Northeastern Section–41st Annual Meeting (20–22 March 2006)

Paper No. 7
Presentation Time: 10:40 AM


HATTEN, Toby J.V.1, FITZGERALD, Duncan2, HUGHES, Zoe J.1 and HOWES, Nick1, (1)Department of Earth Sciences, Boston University, 685 Commonwealth Avenue, Boston, MA 02215, (2)Department of Earth Sciences, Boston Univ, 685 Commonwealth Ave, Boston, MA 02215,

Lovells Island is located at the entrance to Boston Harbor, MA and is exposed to the dominant northeast wave climate of the region. The island consists of several drumlins connected by spits, which have evolved into salients along the southwest facing portion of the island and formed a lagoon at the northeast end. Lovells Island is unique because it contains the only robust dune system in Boston Harbor; the dune sand is well-sorted sand but mineralogically immature. The source of sand, mode of salient development, and present erosional-depositional shoreline trends are being studied using historical, sedimentologic, and geophysical data.

Sedimentological and mineralogical data suggest that sediment is moving westward around the southern tip of Lovells Island, and southward from the north end of the island. This is evident from fining grain sizes from the SE -0.26, to the NW 2.6 phi, and standard deviations that range from very poorly sorted 1.08 at the SE to very well sorted 0.167 in the NW. This trend is consistent with the relative mineralogical maturity of the shore where the percentage of quartz increases from the SE (35%) to the NW (42%).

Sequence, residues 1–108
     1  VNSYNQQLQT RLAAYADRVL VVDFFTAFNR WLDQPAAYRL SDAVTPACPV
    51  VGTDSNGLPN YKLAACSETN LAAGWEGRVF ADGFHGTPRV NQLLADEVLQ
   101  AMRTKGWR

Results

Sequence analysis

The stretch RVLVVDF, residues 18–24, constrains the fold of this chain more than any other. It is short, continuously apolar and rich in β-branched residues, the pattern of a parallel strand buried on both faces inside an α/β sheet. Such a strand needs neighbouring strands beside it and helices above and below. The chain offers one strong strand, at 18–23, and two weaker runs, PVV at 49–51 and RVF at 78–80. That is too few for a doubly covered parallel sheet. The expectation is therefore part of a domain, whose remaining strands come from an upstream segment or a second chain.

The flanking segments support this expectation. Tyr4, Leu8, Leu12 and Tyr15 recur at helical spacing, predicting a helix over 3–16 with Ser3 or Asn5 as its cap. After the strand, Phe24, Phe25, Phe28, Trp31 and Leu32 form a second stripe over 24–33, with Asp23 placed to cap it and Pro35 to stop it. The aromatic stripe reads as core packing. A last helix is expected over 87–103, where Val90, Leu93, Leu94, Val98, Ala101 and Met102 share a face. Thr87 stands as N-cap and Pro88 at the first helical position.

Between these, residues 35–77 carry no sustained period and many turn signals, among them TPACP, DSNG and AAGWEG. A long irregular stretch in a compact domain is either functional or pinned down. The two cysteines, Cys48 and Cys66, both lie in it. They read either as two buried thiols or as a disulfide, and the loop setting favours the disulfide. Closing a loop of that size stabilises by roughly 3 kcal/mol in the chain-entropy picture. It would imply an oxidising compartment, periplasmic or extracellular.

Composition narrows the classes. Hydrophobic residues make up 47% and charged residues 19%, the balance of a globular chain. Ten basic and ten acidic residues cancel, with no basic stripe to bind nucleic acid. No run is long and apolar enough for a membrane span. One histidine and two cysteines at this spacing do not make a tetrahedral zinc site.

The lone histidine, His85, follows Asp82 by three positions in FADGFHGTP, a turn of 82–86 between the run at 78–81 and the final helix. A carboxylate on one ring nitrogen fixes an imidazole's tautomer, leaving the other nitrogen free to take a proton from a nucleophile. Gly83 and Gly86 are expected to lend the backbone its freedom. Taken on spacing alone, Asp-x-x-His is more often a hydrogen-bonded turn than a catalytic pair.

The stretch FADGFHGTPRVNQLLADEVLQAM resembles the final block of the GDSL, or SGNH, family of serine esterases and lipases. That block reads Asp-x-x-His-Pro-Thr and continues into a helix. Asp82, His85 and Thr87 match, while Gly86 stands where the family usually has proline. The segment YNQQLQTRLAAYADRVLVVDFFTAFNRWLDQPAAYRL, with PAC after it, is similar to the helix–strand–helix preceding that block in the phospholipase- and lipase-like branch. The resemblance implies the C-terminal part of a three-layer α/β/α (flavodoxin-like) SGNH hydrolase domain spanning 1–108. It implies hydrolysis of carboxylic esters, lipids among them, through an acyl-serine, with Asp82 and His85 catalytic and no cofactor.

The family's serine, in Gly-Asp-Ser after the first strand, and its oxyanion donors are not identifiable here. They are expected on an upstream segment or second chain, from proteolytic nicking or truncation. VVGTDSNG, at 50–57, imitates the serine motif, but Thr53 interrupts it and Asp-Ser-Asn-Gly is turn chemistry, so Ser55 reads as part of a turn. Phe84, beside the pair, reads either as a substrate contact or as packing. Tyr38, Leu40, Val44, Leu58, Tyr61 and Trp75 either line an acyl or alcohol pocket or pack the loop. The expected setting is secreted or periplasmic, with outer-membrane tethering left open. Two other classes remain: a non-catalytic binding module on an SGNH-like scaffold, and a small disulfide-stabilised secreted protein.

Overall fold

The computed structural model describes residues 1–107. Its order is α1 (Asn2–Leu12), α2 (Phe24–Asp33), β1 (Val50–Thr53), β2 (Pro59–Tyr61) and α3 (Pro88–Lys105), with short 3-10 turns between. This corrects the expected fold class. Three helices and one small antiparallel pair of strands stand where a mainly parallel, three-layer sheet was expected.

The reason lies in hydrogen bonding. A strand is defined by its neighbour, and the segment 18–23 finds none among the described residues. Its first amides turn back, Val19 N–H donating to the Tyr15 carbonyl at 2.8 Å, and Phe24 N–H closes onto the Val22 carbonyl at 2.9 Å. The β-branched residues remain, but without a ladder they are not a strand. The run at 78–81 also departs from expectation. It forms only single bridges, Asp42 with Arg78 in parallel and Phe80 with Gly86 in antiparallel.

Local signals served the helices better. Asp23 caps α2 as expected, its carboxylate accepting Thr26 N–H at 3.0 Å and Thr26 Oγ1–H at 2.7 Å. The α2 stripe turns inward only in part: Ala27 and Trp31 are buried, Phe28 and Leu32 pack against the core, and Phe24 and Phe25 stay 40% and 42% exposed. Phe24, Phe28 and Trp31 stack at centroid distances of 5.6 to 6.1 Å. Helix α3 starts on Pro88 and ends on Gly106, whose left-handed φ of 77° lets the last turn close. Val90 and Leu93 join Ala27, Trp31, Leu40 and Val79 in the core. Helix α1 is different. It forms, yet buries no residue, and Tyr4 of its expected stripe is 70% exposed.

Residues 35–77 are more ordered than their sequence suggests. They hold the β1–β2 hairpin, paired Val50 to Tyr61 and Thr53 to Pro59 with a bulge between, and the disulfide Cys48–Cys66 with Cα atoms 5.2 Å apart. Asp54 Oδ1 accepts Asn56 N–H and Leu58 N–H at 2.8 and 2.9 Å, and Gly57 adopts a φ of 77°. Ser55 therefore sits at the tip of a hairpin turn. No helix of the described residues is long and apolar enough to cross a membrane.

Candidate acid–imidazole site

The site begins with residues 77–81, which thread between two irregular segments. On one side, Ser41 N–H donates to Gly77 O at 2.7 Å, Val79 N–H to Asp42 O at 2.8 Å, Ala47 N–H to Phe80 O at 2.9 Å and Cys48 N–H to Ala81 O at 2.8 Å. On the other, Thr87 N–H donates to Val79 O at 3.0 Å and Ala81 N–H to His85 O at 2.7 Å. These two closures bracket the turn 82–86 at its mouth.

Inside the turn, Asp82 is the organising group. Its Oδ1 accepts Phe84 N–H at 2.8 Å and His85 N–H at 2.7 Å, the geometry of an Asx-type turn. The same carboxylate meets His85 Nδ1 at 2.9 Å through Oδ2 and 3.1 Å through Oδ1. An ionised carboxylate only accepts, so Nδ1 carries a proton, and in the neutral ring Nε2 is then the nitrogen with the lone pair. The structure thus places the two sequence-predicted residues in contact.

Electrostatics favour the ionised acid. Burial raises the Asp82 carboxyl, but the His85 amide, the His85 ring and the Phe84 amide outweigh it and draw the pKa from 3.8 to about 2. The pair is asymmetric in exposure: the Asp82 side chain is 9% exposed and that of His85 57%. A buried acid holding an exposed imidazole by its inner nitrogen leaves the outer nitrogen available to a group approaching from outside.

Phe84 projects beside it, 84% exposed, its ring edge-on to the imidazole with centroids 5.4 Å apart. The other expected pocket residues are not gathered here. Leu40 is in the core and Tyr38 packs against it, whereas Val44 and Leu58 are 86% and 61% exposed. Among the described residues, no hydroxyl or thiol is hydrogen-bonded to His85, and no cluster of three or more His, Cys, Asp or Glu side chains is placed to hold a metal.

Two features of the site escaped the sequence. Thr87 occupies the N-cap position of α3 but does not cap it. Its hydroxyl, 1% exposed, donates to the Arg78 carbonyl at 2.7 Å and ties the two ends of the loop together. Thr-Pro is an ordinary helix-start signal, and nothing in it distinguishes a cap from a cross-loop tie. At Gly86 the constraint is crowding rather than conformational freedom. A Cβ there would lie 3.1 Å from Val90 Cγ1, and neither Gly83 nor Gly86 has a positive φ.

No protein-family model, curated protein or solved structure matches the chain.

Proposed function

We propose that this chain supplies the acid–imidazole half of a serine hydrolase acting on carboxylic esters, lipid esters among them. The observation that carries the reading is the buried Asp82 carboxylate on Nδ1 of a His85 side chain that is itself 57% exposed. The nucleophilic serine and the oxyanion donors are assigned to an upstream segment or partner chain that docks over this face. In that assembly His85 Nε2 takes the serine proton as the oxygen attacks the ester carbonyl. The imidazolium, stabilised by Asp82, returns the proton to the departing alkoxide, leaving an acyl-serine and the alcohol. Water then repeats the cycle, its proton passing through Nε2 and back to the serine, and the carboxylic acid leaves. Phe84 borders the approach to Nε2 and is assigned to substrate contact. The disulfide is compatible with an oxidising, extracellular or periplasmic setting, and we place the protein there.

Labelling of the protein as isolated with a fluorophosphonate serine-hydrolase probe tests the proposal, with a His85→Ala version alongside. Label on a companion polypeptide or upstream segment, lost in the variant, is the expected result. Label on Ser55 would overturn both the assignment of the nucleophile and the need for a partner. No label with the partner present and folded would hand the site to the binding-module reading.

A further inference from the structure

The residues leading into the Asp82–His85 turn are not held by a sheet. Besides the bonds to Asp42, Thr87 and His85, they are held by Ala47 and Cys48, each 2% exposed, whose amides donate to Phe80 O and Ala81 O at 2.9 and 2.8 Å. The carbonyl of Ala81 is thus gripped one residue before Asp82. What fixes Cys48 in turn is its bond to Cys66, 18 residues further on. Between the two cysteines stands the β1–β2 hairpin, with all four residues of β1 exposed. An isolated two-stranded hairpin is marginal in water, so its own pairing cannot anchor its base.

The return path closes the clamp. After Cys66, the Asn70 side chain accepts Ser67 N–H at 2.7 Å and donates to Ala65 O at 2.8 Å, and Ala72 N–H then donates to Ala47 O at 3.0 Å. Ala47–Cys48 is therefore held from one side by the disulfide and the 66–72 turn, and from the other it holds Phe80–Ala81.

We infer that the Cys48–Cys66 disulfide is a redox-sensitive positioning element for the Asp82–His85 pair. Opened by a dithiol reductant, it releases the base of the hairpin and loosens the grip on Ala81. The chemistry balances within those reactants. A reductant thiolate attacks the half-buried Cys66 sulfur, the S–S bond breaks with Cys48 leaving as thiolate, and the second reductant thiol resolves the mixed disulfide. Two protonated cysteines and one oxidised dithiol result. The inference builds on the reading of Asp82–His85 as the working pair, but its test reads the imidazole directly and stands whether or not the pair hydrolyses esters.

A sediment budget of Lovells Island suggests that Rams Head contained ample sand to have provided a sediment source for the dune systems on the southwest shore. It is theorized that northeast storms transported sediment from Rams Head towards Lovells Island and that sediment was reworked west and southward along the shore by local wave energy. Volume calculations of the relict Rams Head are based on an estimated paleo-drumlin height of 10m, a diameter of 250m, and a 34% sand drumlin composition, yielding a sand volume of 167,000 m3, which is slightly less than the dune volume of 188,000 m3. Further investigation of hydrodynamics, and accretionary history with maps, nautical charts and GPR data will help to identify the evolution of accretionary structures and determine whether the volume of sand is stable/increasing or depleting.